The Richard Lange Jumping Seconds watch is yet another exemplary achievement of the watchmakers from Glashütte. The watch is all about precision and innovation but also about history and heritage. The 39.9mm timepiece will be produced in platinum and is limited to 100 pieces. It combines a display of seconds in strict one-second intervals with some other clever features in honouring F.A. Lange’s invention of 1867.
The jumping second – also referred to as dead second (because the hand does not move between steps) or seconde morte – is a complication that moves the seconds-hand at every exact second.
The clarity of jumping seconds comes in handy when you want to check your heart rate during a 30-seconds timeframe, when you want to synchronize watches, need the exact second during navigation and observation, or when you just like to enjoy another pinnacle of mechanical watch-making.
Ever since the oscillation of watches has moved beyond one hertz, people had to get used to smooth(er) moving seconds hands. Nowadays you buy a quartz watch to see jumping seconds in action but during the pre-quartz era watchmakers had to come with other solutions. Seconds-hand precision was important for determining sidereal or solar time as well as geographical longitude.
There is another advantage. You can now make photos of a running mechanical watch while it is running and show a sharp and clear second’s hand!
The history of Jumping Seconds goes back to 1776 when Jean-Moise Pouzait presented a movement with a separate gear train for stopping and starting a seconds hand independently of the hours and minutes. A larger center 1Hz seconds hand made one step each second and could be stopped and released using a lever.
So it is no surprise that Ferdinand Adolph Lange also included jumping seconds in his quest for high precision observatory pocket watches. In his book “A. Lange & Söhne The watchmakers of Dresden”, Reinhard Meis describes that F.A. Lange focused on three areas: a plain lever watch with constant-force device, a match with jumping seconds and large seconds-hand. a watch with large sends-hand with fly-back. In 1867 F.A. Lange developed a mechanism for an independent central-seconds hand that jumped every second. However, it could not fly back to zero. The system was later patented by his sons.
A. Lange & Sohne Richard Lange Jumping Seconds: Constant Force, Jumping, and Zero-reset
Roughly 150 years after its invention, A. Lange & Söhne now brings these three complications together in the newly developed L094.1 calibre of the Richard Lange Jumping Seconds.
The constant-force wheel train extends from the mainspring barrel to the balance and, in one-second intervals, delivers energy to the escapement via a constant-force device. The mechanism compensates for the decreasing force of the mainspring and offsets torque fluctuations when the second hand jumps. This result is a constant amplitude across the entire power reserve period of 42 hours.
The mainspring barrel powers the jumping mechanism via another wheel train. The mechanism converts the balance frequency of six semi-oscillations per second into one single step of the seconds hand. This process is controlled by a five-point star attached to the escape-wheel arbor. Every second, one point of the star liberates the so-called flirt. This long lever, powered by the mainspring, then executes an instantaneous rotation through 360 degrees, after which it is arrested by the next point of the star. The 360-degree rotation, transmitted by the wheel train connected to the fourth-wheel arbor, moves the second’s hand to the next full-second marker. The jump switching energy is used to deliver fresh energy to the “remontoire” spring of the constant-force escapement.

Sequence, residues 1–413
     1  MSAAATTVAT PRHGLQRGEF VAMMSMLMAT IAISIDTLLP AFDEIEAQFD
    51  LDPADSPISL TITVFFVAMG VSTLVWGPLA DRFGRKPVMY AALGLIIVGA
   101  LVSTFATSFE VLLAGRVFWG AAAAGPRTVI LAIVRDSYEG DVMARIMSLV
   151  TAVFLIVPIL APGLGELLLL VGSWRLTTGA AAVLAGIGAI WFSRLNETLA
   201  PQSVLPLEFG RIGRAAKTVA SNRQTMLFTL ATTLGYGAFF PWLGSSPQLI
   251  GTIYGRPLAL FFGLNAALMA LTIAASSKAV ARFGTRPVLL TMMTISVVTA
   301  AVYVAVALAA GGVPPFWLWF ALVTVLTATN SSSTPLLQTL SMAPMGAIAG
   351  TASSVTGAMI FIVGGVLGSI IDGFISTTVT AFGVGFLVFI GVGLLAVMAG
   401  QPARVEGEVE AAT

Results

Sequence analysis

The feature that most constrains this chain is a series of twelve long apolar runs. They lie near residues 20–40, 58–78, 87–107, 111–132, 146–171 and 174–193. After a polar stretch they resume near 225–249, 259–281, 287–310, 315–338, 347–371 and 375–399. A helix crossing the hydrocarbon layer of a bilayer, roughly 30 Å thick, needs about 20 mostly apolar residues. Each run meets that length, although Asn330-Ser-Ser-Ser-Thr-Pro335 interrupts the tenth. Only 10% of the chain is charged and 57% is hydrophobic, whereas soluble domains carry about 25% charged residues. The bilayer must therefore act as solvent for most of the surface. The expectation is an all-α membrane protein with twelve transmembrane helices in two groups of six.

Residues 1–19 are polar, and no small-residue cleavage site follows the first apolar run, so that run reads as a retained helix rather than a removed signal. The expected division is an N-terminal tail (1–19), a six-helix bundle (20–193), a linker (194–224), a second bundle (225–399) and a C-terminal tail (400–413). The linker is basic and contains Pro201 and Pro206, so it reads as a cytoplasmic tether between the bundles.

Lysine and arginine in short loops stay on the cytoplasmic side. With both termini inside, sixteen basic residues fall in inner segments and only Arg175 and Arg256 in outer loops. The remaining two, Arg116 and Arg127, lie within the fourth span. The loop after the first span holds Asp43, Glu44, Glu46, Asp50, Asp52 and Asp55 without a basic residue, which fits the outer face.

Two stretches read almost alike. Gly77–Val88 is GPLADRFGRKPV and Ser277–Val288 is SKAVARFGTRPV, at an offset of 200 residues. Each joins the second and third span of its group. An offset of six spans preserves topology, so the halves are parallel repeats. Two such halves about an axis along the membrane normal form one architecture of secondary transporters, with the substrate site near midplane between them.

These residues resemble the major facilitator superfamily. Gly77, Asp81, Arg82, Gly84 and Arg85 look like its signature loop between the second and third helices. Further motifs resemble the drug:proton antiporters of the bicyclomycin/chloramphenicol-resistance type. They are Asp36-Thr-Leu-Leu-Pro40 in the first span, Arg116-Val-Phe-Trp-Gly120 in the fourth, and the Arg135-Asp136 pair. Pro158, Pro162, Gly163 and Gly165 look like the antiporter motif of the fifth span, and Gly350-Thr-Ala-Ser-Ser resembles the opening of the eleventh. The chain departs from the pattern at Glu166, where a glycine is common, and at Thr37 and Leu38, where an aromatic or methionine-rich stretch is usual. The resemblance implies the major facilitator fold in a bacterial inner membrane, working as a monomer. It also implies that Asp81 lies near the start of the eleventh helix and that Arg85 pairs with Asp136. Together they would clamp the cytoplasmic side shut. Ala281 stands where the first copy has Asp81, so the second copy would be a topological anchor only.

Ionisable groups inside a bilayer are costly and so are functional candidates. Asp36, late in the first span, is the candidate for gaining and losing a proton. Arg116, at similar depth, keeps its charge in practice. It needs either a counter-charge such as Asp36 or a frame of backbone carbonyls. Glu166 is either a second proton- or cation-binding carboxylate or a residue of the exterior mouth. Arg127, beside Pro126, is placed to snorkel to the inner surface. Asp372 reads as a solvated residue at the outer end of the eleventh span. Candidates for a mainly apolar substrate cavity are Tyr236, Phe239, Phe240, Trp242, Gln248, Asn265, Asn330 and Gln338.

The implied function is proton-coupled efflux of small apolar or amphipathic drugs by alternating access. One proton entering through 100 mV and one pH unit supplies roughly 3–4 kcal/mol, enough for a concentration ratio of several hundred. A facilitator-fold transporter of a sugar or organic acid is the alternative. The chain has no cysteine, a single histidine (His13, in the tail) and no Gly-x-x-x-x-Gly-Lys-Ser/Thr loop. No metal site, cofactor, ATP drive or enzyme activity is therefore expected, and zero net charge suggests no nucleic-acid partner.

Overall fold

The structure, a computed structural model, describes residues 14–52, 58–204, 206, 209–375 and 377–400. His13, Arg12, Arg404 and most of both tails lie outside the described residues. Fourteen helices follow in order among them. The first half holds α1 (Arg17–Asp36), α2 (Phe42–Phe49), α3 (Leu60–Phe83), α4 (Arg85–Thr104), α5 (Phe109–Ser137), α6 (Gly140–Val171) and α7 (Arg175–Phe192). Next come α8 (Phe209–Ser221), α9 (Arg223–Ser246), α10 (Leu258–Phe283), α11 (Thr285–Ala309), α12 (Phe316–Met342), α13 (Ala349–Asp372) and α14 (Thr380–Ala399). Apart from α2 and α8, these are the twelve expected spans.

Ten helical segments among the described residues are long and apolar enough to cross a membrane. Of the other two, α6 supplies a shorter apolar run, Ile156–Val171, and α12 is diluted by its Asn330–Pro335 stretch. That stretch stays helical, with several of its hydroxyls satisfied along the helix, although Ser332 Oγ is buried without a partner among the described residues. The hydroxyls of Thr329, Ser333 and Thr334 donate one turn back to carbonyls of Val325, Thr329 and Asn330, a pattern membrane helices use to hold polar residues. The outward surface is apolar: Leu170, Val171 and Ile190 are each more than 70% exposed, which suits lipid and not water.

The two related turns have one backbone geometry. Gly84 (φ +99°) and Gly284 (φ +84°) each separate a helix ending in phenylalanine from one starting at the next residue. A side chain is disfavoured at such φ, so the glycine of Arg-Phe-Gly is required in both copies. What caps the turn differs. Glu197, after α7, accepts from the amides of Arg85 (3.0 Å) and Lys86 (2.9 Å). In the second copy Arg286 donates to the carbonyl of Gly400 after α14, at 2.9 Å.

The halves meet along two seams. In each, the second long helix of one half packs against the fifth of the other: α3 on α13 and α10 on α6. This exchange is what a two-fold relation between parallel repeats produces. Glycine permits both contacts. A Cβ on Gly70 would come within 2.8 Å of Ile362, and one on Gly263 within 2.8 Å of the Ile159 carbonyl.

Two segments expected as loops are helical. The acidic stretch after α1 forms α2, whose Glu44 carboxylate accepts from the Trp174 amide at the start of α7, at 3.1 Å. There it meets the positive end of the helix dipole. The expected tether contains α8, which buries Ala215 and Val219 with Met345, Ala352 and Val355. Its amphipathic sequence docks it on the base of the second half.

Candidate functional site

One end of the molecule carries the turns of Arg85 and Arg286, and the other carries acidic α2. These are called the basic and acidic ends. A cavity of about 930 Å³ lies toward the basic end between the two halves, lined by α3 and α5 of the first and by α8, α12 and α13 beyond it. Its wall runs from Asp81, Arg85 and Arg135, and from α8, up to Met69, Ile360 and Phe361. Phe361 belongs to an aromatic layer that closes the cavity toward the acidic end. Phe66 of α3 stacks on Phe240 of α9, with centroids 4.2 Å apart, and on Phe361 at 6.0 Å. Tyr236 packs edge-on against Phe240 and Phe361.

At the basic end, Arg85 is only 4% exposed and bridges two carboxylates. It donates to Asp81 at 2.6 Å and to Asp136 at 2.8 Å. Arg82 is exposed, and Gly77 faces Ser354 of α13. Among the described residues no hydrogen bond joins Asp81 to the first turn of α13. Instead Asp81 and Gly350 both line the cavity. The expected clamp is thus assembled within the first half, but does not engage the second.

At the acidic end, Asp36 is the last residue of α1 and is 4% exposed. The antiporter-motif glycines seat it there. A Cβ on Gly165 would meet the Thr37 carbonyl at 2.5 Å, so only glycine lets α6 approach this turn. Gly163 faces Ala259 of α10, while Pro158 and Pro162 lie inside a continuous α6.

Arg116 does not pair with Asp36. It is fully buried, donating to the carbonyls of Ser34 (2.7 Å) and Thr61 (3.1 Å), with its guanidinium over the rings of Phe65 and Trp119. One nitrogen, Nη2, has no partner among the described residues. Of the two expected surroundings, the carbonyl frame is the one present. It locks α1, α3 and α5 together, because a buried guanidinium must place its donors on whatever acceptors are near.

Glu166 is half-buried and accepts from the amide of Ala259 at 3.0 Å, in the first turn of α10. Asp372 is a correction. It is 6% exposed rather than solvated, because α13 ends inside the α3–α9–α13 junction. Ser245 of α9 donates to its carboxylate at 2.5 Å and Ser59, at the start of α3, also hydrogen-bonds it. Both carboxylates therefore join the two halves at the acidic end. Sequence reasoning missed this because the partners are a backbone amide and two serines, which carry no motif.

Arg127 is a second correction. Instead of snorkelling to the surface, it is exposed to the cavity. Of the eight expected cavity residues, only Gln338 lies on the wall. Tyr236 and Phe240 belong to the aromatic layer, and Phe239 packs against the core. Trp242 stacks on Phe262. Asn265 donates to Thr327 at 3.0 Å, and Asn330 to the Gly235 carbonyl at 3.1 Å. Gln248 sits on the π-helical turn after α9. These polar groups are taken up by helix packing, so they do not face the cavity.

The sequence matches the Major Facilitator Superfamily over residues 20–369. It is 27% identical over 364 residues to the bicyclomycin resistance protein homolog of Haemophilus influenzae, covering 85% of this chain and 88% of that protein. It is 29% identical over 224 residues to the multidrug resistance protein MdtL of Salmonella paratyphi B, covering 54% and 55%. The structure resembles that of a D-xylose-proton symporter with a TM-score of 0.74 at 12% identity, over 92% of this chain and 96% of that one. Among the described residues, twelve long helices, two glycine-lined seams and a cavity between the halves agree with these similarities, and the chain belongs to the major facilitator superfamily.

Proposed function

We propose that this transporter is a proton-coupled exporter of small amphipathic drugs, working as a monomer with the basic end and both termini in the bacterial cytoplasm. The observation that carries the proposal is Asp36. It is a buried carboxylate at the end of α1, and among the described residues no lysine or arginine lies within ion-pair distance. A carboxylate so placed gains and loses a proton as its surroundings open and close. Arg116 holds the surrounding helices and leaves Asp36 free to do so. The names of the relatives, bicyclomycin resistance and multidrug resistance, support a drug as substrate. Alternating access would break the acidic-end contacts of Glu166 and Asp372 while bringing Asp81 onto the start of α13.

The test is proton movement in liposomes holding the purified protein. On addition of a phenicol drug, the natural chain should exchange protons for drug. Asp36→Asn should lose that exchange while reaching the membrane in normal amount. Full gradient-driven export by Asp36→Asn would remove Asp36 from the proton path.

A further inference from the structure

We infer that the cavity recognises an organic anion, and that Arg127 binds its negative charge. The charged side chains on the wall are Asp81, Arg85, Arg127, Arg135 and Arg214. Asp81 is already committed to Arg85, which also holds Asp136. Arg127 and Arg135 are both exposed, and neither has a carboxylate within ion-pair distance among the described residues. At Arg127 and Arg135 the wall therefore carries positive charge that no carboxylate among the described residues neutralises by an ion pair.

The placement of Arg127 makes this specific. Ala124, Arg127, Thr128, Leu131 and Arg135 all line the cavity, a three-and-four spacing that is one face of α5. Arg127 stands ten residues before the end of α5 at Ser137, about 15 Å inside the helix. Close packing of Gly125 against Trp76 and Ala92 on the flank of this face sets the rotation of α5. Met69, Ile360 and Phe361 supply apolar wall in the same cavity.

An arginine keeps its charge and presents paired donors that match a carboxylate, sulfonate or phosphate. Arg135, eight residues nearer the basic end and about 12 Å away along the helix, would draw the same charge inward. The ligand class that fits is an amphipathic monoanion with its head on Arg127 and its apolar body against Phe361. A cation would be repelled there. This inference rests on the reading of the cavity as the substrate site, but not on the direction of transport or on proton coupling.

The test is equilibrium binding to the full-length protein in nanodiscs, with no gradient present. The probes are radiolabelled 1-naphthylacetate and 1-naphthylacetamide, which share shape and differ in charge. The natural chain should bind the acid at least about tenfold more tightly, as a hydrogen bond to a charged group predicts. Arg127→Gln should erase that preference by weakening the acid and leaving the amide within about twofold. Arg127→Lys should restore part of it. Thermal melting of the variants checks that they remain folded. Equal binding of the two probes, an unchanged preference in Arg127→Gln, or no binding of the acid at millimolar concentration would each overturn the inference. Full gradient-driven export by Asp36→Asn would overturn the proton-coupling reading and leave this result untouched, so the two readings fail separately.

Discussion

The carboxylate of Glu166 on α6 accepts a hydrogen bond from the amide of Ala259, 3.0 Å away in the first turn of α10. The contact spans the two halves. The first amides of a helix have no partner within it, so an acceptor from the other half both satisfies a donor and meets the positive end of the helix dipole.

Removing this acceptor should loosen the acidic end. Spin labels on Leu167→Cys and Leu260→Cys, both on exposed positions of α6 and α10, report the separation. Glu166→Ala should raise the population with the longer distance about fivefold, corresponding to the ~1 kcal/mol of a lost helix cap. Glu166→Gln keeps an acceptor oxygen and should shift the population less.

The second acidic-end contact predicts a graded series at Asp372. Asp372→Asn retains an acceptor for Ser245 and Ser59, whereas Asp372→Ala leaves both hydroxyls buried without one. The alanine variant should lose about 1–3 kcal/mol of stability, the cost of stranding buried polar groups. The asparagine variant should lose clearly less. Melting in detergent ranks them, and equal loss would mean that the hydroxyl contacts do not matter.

The clutch on the fourth-wheel arbor consists of three discs and a hand-shaped spring. The clutch disc in the middle is secured to the fourth-wheel arbor. In the closed state, the spring firmly presses the top and bottom clutch discs together. The clutch immobilizes the large seconds hand between the acceleration and deceleration cycles that occur every second in the normal operating mode. Pulling the crown activates a system of levers that blocks the balance with a stop spring and opens the clutch. This separates the fourth-wheel arbor from the wheel train and allows virtually frictionless zero-ing. For this purpose, the ZERO-RESET lever is pivoted against the heart cam, thus instantly returning the seconds hand to the 12 o’clock position. Pushing the crown closes the clutch and releases the balance again: The movement restarts. A smart integration indeed!
What else to say about the movement?
The 390-part manually wound movement is finished according to the well-known and appreciated Lange standards: bridges made of German silver and decorated with Glashütte ribbing, hand-engraved balance cock, screwed gold chatons (8), as well as skillfully decorated and polished surfaces.
What about dial and case?
The rhodié-coloured regulator-type dial has been designed to draw attention to the seconds dial. It is located at the top and clearly visible, as a tribute to F.A. Lange’s desire to increase the visibility of the jumping seconds. Hours are represented in the sundial in the lower left and minutes in the lower right. The design looks surprisingly well-balanced, despite the differences in the design of the subdials. The case is made of platinum and has a diameter of 39.9mm.
In case you are wondering where the power reserve indicator is located: it resides in the intersection of the three subdials. Nice! The red indicator (see gif) shows up when ten (10) hours of power reserve are left.
The Richard Lange Jumping seconds will be made available in a limited edition of 100 pieces. So act quickly if you want one – but for that you’ll have to pay 78,000 Euros.